Given the fact that on some days I allow spiders to roam unchecked where I work and on others I squash them on sight, or that one species of spider is granted immunity and another is not (and the next day the reverse is true), it must seem that I am a capricious god, doling out death or allotting life on little more than a whim. Arachnids searching for an intelligent design would be hard-pressed to prove there was a reasoning, calculating mind behind my actions.
Nor does compassion have any bearing. My decision is entirely arbitrary, a human foible to be sure, though glancing at headline news makes one wonder about the capriciousness of God himself. A bridge collapses in Minneapolis and some go into the river, others don’t; an F-5 tornado obliterates one town and leaves another unscathed; an undeserving hack hits the bestseller list while a better writer languishes unknown; and so forth.
But if I have one consistency, however contradictory, it is this: I bring no harm to a member of the crab spider family.
And yet, even in that there is an inconsistency. An unfortunate incident recently proved such claim a lie, though in all fairness I like to believe that it wasn’t entirely my fault. True, a jury of spiders would condemn me for what took place in the predawn hours of last Friday, but if the crab spider had been in its proper habitat, or if it had bothered to put on its reading glasses, both of us would still be walking this earth. Or so I like to think.
Most people have never heard of crab spiders. This isn’t surprising because most people classify all spiders in the same family of things-to-be-killed-on-sight. Plus, crab spiders are small and secretive, usually hiding under a leaf or flower, awaiting suitable prey to wander by. When it does, they pounce and inject a toxic venom that paralyzes the hapless insect, and then proceed to suck its juices dry. Such propensity for vampirism will undoubtedly leave readers squeamish, but nature is often brutish and anyway a spider does only what it must.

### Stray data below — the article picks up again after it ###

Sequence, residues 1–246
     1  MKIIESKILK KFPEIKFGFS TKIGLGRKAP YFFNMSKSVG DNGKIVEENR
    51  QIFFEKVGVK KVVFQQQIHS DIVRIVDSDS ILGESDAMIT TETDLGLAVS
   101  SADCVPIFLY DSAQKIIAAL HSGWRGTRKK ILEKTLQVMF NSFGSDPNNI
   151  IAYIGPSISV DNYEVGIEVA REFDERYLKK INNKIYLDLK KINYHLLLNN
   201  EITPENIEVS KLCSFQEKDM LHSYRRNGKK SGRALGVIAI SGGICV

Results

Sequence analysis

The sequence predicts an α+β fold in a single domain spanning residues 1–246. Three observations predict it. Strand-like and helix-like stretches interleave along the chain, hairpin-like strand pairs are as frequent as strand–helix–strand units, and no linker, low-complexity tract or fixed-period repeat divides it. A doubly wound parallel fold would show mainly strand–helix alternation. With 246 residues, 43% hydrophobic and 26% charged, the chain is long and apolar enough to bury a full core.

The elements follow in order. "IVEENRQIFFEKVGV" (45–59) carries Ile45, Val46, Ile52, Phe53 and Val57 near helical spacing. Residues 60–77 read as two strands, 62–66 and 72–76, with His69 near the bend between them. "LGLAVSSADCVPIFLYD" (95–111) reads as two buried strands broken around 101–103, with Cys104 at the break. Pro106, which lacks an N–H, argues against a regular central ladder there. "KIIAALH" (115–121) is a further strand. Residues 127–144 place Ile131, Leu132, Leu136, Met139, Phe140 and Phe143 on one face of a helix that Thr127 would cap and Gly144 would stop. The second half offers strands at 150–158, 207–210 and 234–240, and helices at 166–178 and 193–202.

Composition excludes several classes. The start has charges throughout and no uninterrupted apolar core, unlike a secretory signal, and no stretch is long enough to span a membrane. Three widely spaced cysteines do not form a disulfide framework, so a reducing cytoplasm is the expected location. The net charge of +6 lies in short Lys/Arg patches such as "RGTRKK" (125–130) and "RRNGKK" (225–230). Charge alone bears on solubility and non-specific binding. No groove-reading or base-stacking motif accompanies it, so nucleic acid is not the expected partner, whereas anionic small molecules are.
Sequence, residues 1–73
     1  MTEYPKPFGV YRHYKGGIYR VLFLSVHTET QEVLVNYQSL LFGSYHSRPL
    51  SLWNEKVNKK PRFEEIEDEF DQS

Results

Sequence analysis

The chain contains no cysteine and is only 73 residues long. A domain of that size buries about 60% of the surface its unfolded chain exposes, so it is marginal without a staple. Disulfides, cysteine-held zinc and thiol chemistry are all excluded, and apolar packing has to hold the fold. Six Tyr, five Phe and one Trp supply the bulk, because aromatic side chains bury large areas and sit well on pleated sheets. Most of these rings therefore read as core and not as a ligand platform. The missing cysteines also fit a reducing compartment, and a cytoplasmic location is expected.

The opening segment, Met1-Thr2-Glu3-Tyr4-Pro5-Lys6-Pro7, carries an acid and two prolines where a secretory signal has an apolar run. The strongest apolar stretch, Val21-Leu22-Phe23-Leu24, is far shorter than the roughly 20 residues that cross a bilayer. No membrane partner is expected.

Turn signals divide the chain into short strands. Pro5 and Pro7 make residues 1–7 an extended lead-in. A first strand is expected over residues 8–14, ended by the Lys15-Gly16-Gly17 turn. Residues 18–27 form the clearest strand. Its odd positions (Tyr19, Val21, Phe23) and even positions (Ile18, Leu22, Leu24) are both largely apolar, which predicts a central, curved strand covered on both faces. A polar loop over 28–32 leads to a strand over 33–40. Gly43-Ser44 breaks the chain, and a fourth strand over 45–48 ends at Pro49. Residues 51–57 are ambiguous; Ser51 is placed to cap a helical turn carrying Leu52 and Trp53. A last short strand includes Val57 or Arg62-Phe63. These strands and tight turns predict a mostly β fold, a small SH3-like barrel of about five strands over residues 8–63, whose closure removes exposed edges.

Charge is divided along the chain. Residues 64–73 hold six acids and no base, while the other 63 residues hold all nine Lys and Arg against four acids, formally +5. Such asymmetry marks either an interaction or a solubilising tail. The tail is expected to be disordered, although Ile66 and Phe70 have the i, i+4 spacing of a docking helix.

More telling than their hunting method is their shape. For many crab spiders, and particularly the family Thomisidae, the resemblance to a crab scuttling along the seashore is uncanny. Their two front pairs of legs are much longer than those behind and are often held away from the body. And like the crustaceans for which they’re named, they can move forward, backward and sideways with equal dexterity. But for all that, they have one slight handicap: their eyesight really sucks.
My introduction to crab spiders was abrupt and violent. After discovering a new butterfly in a neighbor’s flower bed, I belly-crawled to within an inch of the specimen with hopes of getting a photograph. At the moment the shutter snapped a pale spider snatched the butterfly and sank its fangs into the butterfly’s throat. It happened so fast the butterfly barely even twitched.
It wasn’t until later that I realized what I’d witnessed, and then only because of a diminutive brown spider that one morning meandered across the floor like it owned the place.
I’m used to finding spiders in the office. The most common is the brown recluse, followed by wolf spiders, grass spiders, jumping spiders, and others I cannot name. This spider was dinky, smaller than my little fingernail, and shaped just like a crab. It acted as if it either couldn’t see me or didn’t care. A twisted desire to name it “Crabby” whipped like lightning through my thoughts, followed by an echoing peal of how-juvenile-can-you-get. I fought the urge but unfortunately in that degenerate way one’s brain refuses to listen to reason, the idea took root and sprouted. Afterwards it was always Crabby, much to my disgust.
Sometimes Crabby could be found in the lobby, wandering aimlessly across the tiles, and at others he would be downstairs, or in the bathroom or hallway. I had no way of telling if it was the same spider, nor did it really matter. I’d step over or around him, avoiding him with the dust broom or wet mop. And though I went out of my way to work around the spider, the act was never reciprocated. Crabby acted as though I were invisible.
Most spiders hightail it when I draw near. Crabby’s nonchalance was either arrogance or sightlessness, a thought that sent me to the Internet for some research. I found that crab spiders indeed have very small eyes—they appear as freckles across the front of their cephalothorax—and in that irrational way we humans empathize with other creatures whose disabilities match our own, I felt an instant bond with Crabby. Without my glasses, the world is a blur.
I also discovered that Crabby is related to the butterfly killer, though in a different genus. Crab spiders like Crabby are usually found in leaf litter or wood bark and belong to the genera Basaniana or Ozyptila. Crabby must have slipped under the door and either found a home or was trying to escape.
For weeks I worked around him—him being a convenient fiction rather than a known gender—and then he disappeared. My carelessness increased even as my awareness decreased, so that one morning as I was finishing up mopping I jabbed the mop into the bucket and shoved it forward, and at the last moment saw Crabby in the path of the wheels. He never saw it coming.
Admittedly, it’s difficult to get worked up over the demise of a spider. But the fact that we sometimes do, that we occasionally rise above our self-centered natures to respect and esteem our lesser neighbors—even if only in a maddeningly whimsical way—surely borders on the divine.